Piaget, although not a psychologist by profession (he started out as a biologist), showed a great interest in the way children think. He believed, in contradistinction to Sapir-Whorf, that thought determines language, a position since known as the ‘cognition hypothesis’. The basic difference between language studies in the 60s and Piaget’s approach was that Piaget’s interest was in children aged six and above, and investigated the first structured language during and shortly after the stage of two-word utterance. He discussed language and the thinking of the child, the language function, the questions that children put, and understanding between children.
Piaget and Chomsky came to be the most recognised and respected representatives of the cognitive movement; their work has inspired and influenced so many and to such an extent, that one can rightly speak of a school of thought within the field of cognitive studies. Chomsky had revolutionary and controversial views about language and thought sharply contrasted with anything that had come before. He claimed that every child has an innate knowledge system that contains abstract linguistic structures that are not taught rather, they are already part of the child’s system from birth. He hypothesized that under those circumstances, there must exist a set of grammatical rules that would produce syntactic descriptions for any sentence in any given language. Piaget on the other hand believed that a child must go through several stages to acquire an adult level of logical thought. The effect of the environment on a child’s thought and language is, for Piaget, crucial. Language is an extremely broad set of human capacities. Identical mental operations underlie one’s encounters with a wide range of materials and topics such as space, time, casualty and morality. So the later forms of thought can be located in earlier forms. Piaget examined the child and his mind as an active and constructive agent, that slowly gains knowledge and logic through developing cognitive processes. Chomsky’s view was different; he saw the mind as a set of pre-programmed units fully equipped, that need only a modest trigger from the environment to function. In other words Piaget considered human linguistic capacities as a product of a general ‘constructed’ intellectual development, whereas Chomsky insisted that they are a highly specialised part of the human genetic inheritance, largely separate from any other human faculty. They are, Chomsky said, a kind of an innate knowledge that has only to unfold. The Piagetian cognitive hypothesis claims that language derives from thought. Chomsky takes a radically different view, arguing that language is divorced from thinking. He claims that each human intellectual faculty is located in different areas of the brain, maturing at its own rate and through distinct processes. To make this statement more comprehensible, Chomsky used the analogy of bodily organs: he regarded the mind as a set of organs, like the liver or the lungs or the heart. A heart is not taught to beat, but matures according to its own genetic timetable. The same is true of ‘language’ as well as to other ‘organs of the mind’, that are programmed to function over time according to a genetic timetable.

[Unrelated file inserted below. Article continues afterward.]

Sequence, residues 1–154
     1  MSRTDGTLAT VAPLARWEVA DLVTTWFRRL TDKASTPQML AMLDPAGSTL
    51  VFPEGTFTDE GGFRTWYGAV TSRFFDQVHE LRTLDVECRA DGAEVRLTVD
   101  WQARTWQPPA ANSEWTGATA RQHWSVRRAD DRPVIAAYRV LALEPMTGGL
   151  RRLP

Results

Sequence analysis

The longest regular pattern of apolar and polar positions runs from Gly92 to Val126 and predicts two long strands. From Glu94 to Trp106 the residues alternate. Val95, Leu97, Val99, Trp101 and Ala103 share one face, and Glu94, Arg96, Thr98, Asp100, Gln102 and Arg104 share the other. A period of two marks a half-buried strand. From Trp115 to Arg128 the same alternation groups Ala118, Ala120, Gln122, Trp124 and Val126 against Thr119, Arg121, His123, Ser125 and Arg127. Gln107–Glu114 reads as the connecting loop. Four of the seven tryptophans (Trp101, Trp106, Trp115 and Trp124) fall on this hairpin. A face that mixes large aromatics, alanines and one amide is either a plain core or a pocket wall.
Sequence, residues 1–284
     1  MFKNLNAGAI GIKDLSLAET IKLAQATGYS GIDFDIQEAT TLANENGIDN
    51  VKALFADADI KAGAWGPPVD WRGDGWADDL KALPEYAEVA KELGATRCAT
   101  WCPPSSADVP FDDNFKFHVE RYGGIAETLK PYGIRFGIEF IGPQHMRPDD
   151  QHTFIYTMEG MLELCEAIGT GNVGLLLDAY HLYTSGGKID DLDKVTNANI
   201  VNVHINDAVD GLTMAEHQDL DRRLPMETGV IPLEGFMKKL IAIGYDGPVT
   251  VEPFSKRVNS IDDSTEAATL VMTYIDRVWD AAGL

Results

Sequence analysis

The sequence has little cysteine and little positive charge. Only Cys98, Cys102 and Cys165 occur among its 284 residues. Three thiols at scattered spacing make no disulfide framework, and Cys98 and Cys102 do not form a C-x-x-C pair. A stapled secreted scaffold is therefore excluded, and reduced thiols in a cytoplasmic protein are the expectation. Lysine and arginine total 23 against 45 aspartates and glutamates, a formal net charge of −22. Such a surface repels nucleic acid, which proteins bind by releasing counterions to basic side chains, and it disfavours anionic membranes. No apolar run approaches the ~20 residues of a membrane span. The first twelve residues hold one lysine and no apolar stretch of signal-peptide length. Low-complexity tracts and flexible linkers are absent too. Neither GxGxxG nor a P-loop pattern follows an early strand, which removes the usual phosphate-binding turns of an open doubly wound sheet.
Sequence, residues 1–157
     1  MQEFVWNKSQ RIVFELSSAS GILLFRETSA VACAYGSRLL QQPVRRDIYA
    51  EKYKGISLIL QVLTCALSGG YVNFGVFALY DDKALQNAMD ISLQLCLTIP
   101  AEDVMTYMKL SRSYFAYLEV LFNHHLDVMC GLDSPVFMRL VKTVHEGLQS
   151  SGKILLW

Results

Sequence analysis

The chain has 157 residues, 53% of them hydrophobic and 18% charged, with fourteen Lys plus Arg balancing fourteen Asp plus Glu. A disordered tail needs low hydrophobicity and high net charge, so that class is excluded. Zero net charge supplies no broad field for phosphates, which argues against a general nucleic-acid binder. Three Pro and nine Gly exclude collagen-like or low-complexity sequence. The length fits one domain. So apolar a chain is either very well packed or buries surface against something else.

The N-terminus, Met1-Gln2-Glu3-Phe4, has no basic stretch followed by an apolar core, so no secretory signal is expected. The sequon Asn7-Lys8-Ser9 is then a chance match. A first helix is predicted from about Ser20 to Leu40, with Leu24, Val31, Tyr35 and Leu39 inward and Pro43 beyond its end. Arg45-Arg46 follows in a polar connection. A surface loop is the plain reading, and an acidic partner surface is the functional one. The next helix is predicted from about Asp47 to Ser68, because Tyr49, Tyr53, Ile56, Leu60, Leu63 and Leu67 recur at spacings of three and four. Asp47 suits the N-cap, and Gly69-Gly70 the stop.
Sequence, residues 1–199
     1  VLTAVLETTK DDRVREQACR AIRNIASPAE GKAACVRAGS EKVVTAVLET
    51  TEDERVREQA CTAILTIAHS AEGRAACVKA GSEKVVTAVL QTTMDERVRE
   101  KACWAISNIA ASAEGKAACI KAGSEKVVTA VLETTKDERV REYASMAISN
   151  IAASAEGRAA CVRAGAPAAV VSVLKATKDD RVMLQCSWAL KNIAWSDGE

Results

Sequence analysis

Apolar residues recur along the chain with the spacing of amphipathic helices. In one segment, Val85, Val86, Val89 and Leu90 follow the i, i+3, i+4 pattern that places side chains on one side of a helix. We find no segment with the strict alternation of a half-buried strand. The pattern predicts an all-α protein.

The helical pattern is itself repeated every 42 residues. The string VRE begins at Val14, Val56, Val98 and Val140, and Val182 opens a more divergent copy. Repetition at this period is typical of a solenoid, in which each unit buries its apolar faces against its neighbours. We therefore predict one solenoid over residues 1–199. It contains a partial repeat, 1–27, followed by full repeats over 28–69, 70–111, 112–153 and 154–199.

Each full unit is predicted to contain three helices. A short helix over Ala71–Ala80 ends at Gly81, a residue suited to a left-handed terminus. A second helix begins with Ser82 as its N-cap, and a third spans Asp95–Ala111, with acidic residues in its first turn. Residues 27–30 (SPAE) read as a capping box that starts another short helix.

Although both used and developed models provided by biology and logic, they showed interest in very different kinds of examples and explanations. Piaget tried to give a rich description of the stages that children pass through to achieve a higher level of knowledge. So he developed an elaborate technical vocabulary, rooted in biology, and he based his conclusions upon errors that children made when he gave them his famous challenging puzzles to solve. His ability to give convincing answers to the problems of the development of knowledge, and his hard work in collecting and synthesizing an enormous amount of data, are his big contribution to this field.
Chomsky’s contribution is no less important. His difference from Piaget is that he was not concerned to describe behavioural phenomena; his concern was the development of linguistic science and how its approach and methods could carry into the social sciences. His views of language as a part of an innate and universal system of knowledge and language are the same, had huge influence, although it is an hypothesis impossible to prove.
In October 1975, Jean Piaget and Noam Chomsky were invited to express their ideas and present their theories in a meeting which took place at the Abbaye de Royaumont in France. The historical importance of this ‘rendezvous’ was noted by the psychology and linguistic community all over the world and even scientists from behavioural and empirical areas attended the occasion. Piaget and Chomsky exchanged views about language and cognition, but, as people who attended the Royaumont meeting commented, there was no agreed conclusion, only exploration of issues.
It is hardly surprising that no firm conclusions were reached at that meeting. The study of cognition is not an empirical study of given data or facts susceptible to quantitative measurement or experimentation. The subject-matter has to do with human psychology, where different views, theories, methods and experiments are used, different schools are created and several disciplines such as anthology, biology, philosophy etc. are involved together. Without ignoring the important contribution of schools such as behaviourism, psychoanalysis etc., only the further development of the cognitive movement appears likely to give satisfactory answers to issues that arise everyday about language and thought. The charm of uncertainty will draw the passion for further research that will lead from mere confusion to a new theory, a new argument for appraisal or debate.